Can bits and bytes help phase out severe malnutrition?

Intelehealth’s study in Nashik District aims to tackle Severe Acute Malnutrition (SAM) through an innovative app-based plan.

For children under five who suffer from Severe Acute Malnutrition(SAM), the mortality rate goes up by 5-8 times compared to well-nourished children. Yet, parents of 54% of such children who had been referred to a hospital or Nutritional Rehabilitation Centre (NRC) in India were unable to follow through with the referrals. In the absence of specialised care within the community, the role of such care centres and government hospitals remains essential in improving the health of these children. These are the first set of resources for low-income families in both rural and urban areas. 

Nashik, a district in the western state of Maharashtra, has one of the highest numbers of severely malnourished children. Right since its inception, Intelehealth has been working in the region with communities that have little or no access to healthcare. The challenge of creating a community-based solution in these forested, hilly terrains spoke directly to its mission and so was born a research study to examine the role of telemedicine in improving outcomes for children with Severe Acute Malnutrition(SAM). 

For families living in remote regions, accessing NRCs is an ordeal. Usually, such centres are attached to district hospitals and have 10-20 beds. Each such centre is meant to serve hundreds if not thousands of care-seeking families. Vast swathes of land can fall under a district and families that are willing to travel have to often spend considerable amounts of time and money to get here. Occupied beds at the centre translates to additional wait times. That aside, parents have also to consider how to attend to the needs of their other children back home. Who will cook for them? Will the relatives be able to take good care of them? If one is a daily-wage worker, travelling these distances can also mean a loss of income – income that directly impacts their daily meals.  It is not surprising then that even among the 46% who sign up for the treatment provided at such centres, 23% return without getting any service. That means a staggering 78% of children with severe malnutrition are not getting the care they need.

The telemedicine-based SAM pilot intervention and research study by Intelehealth is being carried out in 30 remote villages in the region. The first step is to link the community with a health worker, also known as Sakhi or friend, who is suitably trained and supported by a medical supervisor and usually resides in the community. They assess and understand nutritional requirements of these children and put the families in touch with doctors and nutrition experts via  teleconsultations. If the doctor recommends supplementary food  or medicines, these can be easily availed directly or through government provisions. Similarly, linkages to local  medicine supplies  and diagnostic labs can also be arranged.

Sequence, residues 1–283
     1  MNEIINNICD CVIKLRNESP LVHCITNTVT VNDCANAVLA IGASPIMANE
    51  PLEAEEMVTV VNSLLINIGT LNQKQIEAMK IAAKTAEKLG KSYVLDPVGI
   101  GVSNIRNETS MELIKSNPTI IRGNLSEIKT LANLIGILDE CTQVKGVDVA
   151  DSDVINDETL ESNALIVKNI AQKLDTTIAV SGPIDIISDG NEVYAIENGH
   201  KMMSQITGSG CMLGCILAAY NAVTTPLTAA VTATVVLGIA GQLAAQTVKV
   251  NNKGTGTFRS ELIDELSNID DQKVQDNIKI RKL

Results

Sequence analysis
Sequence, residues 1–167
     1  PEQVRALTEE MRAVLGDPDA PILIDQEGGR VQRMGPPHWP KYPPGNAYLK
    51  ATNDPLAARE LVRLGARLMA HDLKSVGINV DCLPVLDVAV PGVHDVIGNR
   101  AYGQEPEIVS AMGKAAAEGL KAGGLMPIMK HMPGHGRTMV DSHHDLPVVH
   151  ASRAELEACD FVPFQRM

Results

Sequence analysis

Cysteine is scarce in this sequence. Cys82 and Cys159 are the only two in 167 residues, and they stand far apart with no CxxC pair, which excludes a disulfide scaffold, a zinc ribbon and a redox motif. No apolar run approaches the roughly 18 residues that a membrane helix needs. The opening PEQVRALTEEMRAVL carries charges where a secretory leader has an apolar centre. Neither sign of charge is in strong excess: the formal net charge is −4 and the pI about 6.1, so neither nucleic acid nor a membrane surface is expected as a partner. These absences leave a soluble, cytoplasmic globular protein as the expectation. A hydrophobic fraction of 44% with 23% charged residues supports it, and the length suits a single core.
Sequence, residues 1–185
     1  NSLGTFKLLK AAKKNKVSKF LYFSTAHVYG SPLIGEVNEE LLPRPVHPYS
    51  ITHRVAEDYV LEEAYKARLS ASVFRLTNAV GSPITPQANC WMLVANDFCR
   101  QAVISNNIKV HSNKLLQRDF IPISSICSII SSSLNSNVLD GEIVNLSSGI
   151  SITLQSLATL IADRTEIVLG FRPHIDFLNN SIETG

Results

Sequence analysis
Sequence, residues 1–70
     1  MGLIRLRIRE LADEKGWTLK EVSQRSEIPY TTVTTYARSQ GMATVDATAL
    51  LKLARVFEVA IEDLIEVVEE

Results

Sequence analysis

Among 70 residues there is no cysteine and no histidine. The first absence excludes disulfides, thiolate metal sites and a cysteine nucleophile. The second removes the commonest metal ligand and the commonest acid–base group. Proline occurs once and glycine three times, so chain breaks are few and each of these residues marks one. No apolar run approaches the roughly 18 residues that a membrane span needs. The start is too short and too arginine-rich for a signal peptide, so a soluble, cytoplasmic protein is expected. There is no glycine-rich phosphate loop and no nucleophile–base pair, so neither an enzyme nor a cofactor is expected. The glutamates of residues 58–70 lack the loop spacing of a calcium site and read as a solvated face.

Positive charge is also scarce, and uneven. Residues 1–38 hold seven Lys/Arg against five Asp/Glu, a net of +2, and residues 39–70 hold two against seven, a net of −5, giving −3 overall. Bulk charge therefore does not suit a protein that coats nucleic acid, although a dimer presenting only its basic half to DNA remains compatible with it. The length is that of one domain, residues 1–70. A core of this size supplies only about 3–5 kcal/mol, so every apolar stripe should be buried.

The clinical protocol of the application plays a vital role in managing the health of these children and assessing their comorbidities. With consistent telemedicine services and linkages to the government centres, one can easily address emergencies over time. The app makes it possible to geographically locate the cases with higher precision, manage more SAM cases at the community level and refer only the most severe ones to the nearest NRC.

Further, a control group is essential to understand the efficacy of such a programme. To accurately assess the effectiveness of such a Community-based Management of Acute Malnutrition Intervention (CMAM), part of the study focuses especially on children in two blocks in Nashik. One group will receive tech-enabled nutritional intervention and the control group will continue to receive standard medical care (referral to an NRC). We will follow both groups to assess if the CMAM intervention is as clinically effective as in-person care at an NRC while being more accessible, affordable for patients, as well as more cost effective for the health system.

According to UNICEF, South Asia is home to roughly half of the world’s severely malnourished children.  With a telemedicine-based care mechanism that is rooted in the community, one can shift the current burden away from the NRCs and district hospitals and truly bring the solution home.

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